Joel Stillerman has a knack for knowing cool before it’s cool.
He knew MTV was going to be cool back in the days of 24-hour music video programming. He joined their staff and went on to be the executive producer of MTV Unplugged and the Rock ‘n’ Roll Inaugural Ball.
He knew actor Idris Elba was going to be cool, in his words, “way before he was on the cover of Vanity Fair with Jessica Alba in his lap.” He cast Matt Damon in Rounders back when “no one knew this kid from a hole in the wall.” A month into filming, Good Will Hunting came out, and Damon was so assuredly cool they needed extra security on set.
Stillerman’s “cool” skills were put to the test in 2009, on an airplane ride, with a copy of a relatively small, independently published comic book in his lap. The title read The Walking Dead #1, and it didn’t even take the whole issue for Stillerman to decide it was cool.
“Before the actual comic, there’s an author’s note outlining how different this was from your standard zombie franchise,” said Stillerman. “That note was all it took. I wanted to make it a show.”
It wasn’t a popular idea at the AMC, the network where Stillerman has worked as executive vice president of original programming since 2009.
“I had people telling me this wasn’t even going to be a niche show, this was a niche of a niche show,” said Stillerman. “I didn’t even know what that meant.”
Four years later, on October 13, 2013, the premiere episode of The Walking Dead’s fourth season attracted 20.2 million viewers total, according to a report from TVWeek.com. It was the most-watched non-sports telecast in cable TV history.
This success inspired the title of Stillerman’s presentation at Emerson’s Semel Theater on April 11. He called it “How To Have a Hit TV Show.”
Stillerman graduated from Emerson College with a degree in Mass Communications in 1984. His address to a crowd of students and alumni was his first return to campus in nearly 30 years.
For two hours Stillerman discussed his TV hits — he also built Breaking Bad and Mad Men from their low-rated early seasons to their hall-of-fame success — his career, his history, advice, and business strategies. The formula for successful TV, according to him, is a simple three-step process.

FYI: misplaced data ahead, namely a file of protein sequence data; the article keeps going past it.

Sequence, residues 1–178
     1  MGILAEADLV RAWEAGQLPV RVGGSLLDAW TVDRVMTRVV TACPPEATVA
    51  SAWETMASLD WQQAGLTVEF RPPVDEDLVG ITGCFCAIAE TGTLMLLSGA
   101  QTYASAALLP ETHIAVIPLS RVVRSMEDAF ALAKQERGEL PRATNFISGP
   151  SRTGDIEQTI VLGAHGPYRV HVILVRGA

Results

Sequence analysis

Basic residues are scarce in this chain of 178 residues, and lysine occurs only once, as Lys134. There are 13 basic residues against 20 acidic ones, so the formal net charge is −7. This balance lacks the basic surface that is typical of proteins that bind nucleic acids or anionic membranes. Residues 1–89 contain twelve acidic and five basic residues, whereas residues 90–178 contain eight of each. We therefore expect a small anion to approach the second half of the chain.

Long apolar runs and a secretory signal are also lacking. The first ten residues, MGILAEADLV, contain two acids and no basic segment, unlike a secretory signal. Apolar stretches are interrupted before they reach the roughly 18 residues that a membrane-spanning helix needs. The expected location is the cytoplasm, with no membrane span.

“Be unexpected. Be unconventional,” said Stillerman, counting off on his fingers. “And find the passionate audience. Especially the underserved passionate audience.”
Passion seems to be the backbone of Stillerman’s career. He said he feels it’s why a show like The Walking Dead works, and a show like Low Winter Sun — where “finding the passionate audience fell by the wayside” — didn’t.
“I would take 10 people who would walk over broken glass to watch my show,” said Stillerman. “Than 1,000 people who think ‘Oh yeah, that sounds okay, maybe I’ll check it out.’”
The relationship between passion and creative success inspired some members of Stillerman’s audience.
“I want to work in cable TV because I think that’s where the most groundbreaking and innovative shows are,” said freshman visual and media arts major Caroline Sullivan. “[Stillerman]’s belief in the passionate audience was really inspiring.”
Though Stillerman is a self-described “bad alumni,” who had to be corrected after mistakenly stating in his speech that Emerson College was named for poet Ralph Waldo Emerson, he said he believes it was here that he learned the importance of passion and risk-taking.
“When I first came to Emerson the energy was palpable,” said Stillerman. “It still is. This is the place that reinvented my definition of work. At Emerson, work is joy.”
He often refers to “using his Emerson training,” a term that he doesn’t define, but waves impatiently away.
“You all know what’s so special about this place,” Stillerman exclaimed. “You go here!”
Stillerman’s “Emerson training” seems an umbrella term for his other guiding principles: “Number one: planning is a joke. Number two: work your ass off. Number three: be passionate.” It seems to mean pursuing the unlikely — “I took the most circuitous route possible to get where I am today, because I always chased what I cared about.” — as much as it means being true to yourself —“I left the only decent-paying job I’d ever had, while my wife was pregnant, to make movies. Know what I knew about making movies? Nothing!”
Most of all, “Emerson training” seems to mean being part of a creative collective; a guiding community to which, three decades later, Stillerman has returned.
“To quote Ralph Waldo Emerson — who apparently never had a college named after him — life is a journey, not a destination,” said Stillerman. “It’s about connecting to great talented people. Nobody does it alone.”